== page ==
No. 1 CA-CR 302.
October 5, 1971.
Defendant was convicted before the Superior Court, Maricopa County, Cause No. CR 61915, T.J. Mahoney, J., of theft from the person, and she appealed. The Court of Appeals, Stevens, P.J., held that mere asserted lack of direct evidence did not require that defendant's motion for directed verdict be granted, notwithstanding contention that circumstantial evidence alone would not permit denial of such motion. The Court further held that where nothing more than mere departure from the scene was shown, instruction on flight was unwarranted and prejudicial.
Judgment reversed and sentence set aside.
Gary K. Nelson, Atty. Gen., by Albert M. Coury, Asst. Atty. Gen., for appellee.
Thomas A. Thinnes, and Donald W. Lindholm, Phoenix, for appellant.
On 13 March 1970 an information was filed against the appellant, hereinafter referred to as the defendant, which charged her with the crime of theft from the person, a felony, in violation of A.R.S. §§ 13-661 and 13-663, as amended 1968, §§ 13-138, 13-139 and 13-140. The defendant was tried before a jury and found guilty. On 16 June 1970 she was adjudged guilty and was sentenced to a term of not less than one year nor more than two years in the Arizona State Prison. This appeal followed.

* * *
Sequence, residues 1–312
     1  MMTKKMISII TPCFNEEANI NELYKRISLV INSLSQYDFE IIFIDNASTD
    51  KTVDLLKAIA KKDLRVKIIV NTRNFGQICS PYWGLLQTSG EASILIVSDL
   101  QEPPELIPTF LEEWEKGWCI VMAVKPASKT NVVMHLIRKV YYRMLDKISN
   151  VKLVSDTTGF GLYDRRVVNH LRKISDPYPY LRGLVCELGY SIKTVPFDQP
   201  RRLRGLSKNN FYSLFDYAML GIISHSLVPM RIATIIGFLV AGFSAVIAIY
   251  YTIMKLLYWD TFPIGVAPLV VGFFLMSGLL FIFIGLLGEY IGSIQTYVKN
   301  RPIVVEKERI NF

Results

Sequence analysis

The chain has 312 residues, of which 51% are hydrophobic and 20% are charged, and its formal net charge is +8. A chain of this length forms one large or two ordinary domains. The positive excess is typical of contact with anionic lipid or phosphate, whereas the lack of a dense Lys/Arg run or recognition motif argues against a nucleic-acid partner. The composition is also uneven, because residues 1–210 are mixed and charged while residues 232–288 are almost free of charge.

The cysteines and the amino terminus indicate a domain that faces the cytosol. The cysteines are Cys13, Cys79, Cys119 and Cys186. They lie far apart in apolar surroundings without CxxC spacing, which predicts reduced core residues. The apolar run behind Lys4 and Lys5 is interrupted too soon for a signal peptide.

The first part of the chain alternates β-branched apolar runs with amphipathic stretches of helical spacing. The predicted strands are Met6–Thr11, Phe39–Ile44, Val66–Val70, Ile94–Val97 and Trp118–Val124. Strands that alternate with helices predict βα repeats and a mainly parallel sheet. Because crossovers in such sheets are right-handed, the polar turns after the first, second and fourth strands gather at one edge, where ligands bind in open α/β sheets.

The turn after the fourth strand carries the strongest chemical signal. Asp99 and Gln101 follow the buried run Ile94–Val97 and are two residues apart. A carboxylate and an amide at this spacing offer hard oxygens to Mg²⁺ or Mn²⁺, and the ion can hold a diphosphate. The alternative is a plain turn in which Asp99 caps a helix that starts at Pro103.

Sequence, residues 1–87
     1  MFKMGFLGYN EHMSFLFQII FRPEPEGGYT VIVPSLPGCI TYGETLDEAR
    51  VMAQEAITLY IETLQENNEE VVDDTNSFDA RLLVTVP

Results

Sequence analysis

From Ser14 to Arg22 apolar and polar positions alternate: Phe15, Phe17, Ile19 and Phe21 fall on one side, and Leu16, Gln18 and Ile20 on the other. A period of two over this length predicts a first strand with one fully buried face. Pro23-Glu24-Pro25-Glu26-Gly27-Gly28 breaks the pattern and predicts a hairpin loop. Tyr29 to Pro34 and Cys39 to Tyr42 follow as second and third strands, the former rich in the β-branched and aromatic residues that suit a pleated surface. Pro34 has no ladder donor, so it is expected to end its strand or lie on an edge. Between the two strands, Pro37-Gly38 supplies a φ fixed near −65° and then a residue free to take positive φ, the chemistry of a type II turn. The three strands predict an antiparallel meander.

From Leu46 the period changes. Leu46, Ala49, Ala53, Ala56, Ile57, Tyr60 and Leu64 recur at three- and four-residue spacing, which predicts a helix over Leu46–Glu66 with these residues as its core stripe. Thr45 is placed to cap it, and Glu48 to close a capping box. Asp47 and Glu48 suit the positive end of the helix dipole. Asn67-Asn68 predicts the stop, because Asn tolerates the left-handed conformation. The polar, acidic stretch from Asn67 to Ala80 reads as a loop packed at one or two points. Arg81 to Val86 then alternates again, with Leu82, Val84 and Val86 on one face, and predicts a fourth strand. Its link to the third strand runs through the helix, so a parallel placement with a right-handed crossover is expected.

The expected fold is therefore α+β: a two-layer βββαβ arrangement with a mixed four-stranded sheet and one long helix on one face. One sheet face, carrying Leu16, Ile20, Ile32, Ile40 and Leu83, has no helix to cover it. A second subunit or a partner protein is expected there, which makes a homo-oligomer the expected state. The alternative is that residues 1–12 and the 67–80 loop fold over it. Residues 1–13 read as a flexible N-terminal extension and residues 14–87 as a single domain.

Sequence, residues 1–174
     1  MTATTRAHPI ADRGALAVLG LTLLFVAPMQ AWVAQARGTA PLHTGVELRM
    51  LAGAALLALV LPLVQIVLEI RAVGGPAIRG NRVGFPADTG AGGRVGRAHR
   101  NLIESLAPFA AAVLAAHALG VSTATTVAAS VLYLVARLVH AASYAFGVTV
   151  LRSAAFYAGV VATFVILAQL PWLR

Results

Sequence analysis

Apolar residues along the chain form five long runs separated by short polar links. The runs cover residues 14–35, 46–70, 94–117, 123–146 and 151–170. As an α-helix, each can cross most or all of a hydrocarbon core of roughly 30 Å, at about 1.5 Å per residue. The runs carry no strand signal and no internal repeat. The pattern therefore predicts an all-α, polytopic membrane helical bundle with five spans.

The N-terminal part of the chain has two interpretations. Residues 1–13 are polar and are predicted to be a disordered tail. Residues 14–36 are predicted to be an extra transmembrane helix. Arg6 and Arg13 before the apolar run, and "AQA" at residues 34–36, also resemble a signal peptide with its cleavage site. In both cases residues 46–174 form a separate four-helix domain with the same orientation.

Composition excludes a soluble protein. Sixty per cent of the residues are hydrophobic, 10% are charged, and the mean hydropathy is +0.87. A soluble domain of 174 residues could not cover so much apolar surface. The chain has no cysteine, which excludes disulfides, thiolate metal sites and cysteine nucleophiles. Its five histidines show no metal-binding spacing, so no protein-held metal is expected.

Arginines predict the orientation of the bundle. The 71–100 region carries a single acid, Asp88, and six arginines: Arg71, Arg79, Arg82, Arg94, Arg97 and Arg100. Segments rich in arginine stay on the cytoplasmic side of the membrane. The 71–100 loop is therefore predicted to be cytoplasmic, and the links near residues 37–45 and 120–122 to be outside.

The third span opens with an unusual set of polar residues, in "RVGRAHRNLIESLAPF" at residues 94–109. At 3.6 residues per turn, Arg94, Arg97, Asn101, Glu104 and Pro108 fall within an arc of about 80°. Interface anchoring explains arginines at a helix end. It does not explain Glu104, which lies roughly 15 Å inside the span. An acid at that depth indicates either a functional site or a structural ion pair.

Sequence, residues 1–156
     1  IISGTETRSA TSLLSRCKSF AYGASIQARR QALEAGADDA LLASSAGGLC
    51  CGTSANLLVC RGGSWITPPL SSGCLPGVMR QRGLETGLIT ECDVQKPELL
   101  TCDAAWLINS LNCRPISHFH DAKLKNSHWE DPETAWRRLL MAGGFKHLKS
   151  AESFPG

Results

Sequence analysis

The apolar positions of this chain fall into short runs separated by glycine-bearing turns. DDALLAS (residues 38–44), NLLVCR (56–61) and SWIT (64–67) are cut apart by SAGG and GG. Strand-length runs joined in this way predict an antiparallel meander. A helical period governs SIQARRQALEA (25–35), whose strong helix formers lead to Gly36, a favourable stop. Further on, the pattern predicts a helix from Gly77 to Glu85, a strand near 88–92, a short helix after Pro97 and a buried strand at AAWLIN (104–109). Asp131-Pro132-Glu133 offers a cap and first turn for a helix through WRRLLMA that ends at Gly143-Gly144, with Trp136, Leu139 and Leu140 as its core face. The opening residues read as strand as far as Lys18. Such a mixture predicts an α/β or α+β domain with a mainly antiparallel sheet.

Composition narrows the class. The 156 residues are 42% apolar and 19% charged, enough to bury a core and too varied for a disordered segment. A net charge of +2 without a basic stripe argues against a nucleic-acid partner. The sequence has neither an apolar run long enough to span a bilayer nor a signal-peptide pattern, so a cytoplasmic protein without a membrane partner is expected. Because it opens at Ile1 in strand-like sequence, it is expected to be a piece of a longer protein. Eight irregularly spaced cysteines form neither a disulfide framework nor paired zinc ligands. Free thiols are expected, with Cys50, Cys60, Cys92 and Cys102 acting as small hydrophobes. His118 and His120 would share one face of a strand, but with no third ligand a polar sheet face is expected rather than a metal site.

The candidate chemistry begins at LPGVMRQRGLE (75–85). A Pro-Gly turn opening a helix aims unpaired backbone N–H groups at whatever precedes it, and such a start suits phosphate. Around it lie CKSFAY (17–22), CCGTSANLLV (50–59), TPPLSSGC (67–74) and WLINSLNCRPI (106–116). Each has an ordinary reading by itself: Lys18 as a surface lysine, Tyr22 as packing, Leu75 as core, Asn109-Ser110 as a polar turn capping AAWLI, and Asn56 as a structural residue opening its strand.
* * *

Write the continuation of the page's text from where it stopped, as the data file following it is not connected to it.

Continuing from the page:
Jack Darrell Gregory was also named as a defendant in the original complaint but subsequent to his confession Grace Milton submitted a Motion for Separate Trial which was granted.
Defendant has raised two issues for our consideration: First: Was it reversible error to fail to direct a verdict of acquittal when the only evidence presented by the State is circumstantial and points to innocence as well as guilt, and Second: Did the evidence presented at trial support the flight instruction which was given? This Court is of the opinion that both questions presented must be answered in the negative.
With regard to the first issue, the defendant urges that there is a distinction between circumstantial and direct evidence and the effect each should have on the trial court's determination to allow the case to go to the jury. The argument is to the effect that circumstantial evidence alone will not permit the trial court to deny a motion for a directed verdict and thereafter submit a case to the jury.
"It is the opinion of this court that the probative value of direct and circumstantial evidence are intrinsically similar; therefore, there is no logically sound reason for drawing a distinction as to the weight to be assigned each. We expressly overrule that portion of State v. Reynolds, supra, and any other decision of the court which is contra to our holding in the instant case. * * * A proper instruction on `reasonable doubt' as applied to all kinds of evidence gives the jury an appropriate standard upon which to make a determination of guilt or innocence; to instruct further is to invite the confusion of semantics.